Many Americans have now received the COVID-19 vaccines developed by Moderna (NASDAQ:MRNA), Pfizer (NYSE:PFE), and Pfizer's partner BioNTech (NASDAQ:BNTX). However, the vaccination efforts aren't as far along as hoped. In this Motley Fool Live video recorded on Dec. 23, 2020, Healthcare and Cannabis Bureau Chief Corinne Cardina and writer Keith Speights discuss one green flag and one red flag for these coronavirus vaccine rollouts.

Corinne Cardina: Keith, starting with the Pfizer-BioNTech vaccine, what is one green flag and one red flag for investors related to its vaccine rollout so far?

Keith Speights: Well, the obvious green flag is that it is being rolled out. More and more people are being vaccinated and that's great news. I don't think there really are any red flags as such right now. Maybe a couple of potential yellow flags.

We've talked about in the past, Corinne, that there's been some miscommunication, poor communication, between the U.S. government and Pfizer, but I think those issues, No. 1, they're not unusual. This is a massive rollout that's being done in a very short period of time and it's to be expected. There are going to be a few hiccups along the way and certainly not a big concern over the long run. But that's a little bit of a yellow flag that has come up. Again, not anything that I'm particularly worried about.

Then the other maybe yellow flag, which we've really known about all along, is that Pfizer's vaccine has ultra-cold storage requirements that Moderna's vaccine doesn't, and as a result, we're seeing some states prefer to use Moderna's vaccine for some of those hard-to-reach locations, instead of Pfizer's vaccine because of those cold chain requirements. That could be a little bit of a hint of what could be on the way as global vaccine rollouts get under way. That could be a little bit of a bad news situation for Pfizer because it's at a little bit of a competitive disadvantage there.

Cardina: Definitely, and let's do the same thing for Moderna. What is one green flag and one yellow, orange, red flag?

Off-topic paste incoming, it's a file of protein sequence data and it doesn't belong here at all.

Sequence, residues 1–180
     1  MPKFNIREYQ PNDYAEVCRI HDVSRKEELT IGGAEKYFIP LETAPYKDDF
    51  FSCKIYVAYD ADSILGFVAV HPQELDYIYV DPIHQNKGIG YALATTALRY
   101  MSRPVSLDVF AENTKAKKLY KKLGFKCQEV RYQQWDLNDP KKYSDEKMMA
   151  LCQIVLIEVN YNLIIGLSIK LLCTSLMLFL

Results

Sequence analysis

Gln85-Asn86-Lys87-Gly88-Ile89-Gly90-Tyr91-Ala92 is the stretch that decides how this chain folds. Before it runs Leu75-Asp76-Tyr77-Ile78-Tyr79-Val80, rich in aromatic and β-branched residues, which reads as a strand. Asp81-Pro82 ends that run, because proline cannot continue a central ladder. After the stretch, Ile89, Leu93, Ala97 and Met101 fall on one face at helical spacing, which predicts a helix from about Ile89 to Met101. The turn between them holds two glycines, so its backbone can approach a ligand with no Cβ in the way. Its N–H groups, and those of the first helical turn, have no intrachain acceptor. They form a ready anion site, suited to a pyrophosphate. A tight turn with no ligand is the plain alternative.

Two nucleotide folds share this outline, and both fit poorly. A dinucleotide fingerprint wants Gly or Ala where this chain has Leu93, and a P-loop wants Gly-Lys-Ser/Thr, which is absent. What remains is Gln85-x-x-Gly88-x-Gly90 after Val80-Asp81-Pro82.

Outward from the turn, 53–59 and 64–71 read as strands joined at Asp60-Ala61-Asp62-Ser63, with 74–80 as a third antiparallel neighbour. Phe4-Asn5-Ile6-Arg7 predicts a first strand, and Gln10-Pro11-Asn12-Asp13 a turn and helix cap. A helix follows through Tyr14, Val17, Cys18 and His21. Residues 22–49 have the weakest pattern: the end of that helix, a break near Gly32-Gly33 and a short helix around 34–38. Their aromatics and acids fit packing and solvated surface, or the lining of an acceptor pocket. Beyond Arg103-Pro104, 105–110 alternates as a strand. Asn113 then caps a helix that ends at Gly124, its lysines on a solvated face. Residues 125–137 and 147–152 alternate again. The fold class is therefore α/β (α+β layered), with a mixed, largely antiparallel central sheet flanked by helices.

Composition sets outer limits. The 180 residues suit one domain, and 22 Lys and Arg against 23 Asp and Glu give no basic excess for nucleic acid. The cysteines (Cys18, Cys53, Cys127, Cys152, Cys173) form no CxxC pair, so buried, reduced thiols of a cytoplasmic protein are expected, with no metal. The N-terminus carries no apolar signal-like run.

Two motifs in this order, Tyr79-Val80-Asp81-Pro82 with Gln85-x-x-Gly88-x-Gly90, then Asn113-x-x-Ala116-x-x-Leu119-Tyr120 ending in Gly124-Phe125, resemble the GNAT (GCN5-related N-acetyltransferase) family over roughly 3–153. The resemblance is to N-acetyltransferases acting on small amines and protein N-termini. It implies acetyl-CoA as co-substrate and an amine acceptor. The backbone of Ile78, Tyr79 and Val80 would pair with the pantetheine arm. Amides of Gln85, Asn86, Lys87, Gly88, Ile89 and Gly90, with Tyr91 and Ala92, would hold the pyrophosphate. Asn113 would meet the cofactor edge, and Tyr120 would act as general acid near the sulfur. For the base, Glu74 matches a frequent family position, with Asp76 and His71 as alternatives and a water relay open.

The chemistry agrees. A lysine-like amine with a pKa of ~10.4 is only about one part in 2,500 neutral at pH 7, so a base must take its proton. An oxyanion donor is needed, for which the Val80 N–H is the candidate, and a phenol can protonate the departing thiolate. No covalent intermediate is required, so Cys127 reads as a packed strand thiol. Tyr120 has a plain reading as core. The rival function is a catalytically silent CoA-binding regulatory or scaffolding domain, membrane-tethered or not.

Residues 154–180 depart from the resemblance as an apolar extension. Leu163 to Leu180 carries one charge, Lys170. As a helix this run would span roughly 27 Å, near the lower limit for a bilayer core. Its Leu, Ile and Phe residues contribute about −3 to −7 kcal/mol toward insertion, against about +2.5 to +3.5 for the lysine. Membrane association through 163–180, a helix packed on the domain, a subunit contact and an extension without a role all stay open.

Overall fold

Speights: Well, I guess you could flip the coin. The green flag is the rollouts are going on and Moderna's vaccine has less logistical challenges because of its formulation that allows it to be stored in standard refrigerators and freezers, so that's a very good green flag. And at this point, I don't know of any red flag, Corinne, have you? I was trying to do some research. I haven't come across anything that really jumps out as a red flag with Moderna's vaccine.

Cardina: Yeah, it's early days. They have time to do miscommunication. There's time for headlines to come out related to side effects. But it does seem like Moderna has a better safety side effect profile than the Pfizer-BioNTech one. So we will definitely stay tuned for any red flags.

Speights: Yeah. Of course, the other thing, too, is Operation Warp Speed is taking full control of the distribution of Moderna's vaccine, whereas Pfizer held on to the reins more tightly, initially anyway. That could reduce some of the speed bumps we've seen with Pfizer's rollout.

Cardina: Moderna seems to have a better relationship with the federal government. I know Pfizer has been a little bit contentious. Moderna accepted money from Operation Warp Speed. They haven't had problems with the contract signing; they seem to be in the good graces of OWS. File that under green flag.

Speights: Exactly. It could make some differences along the way.

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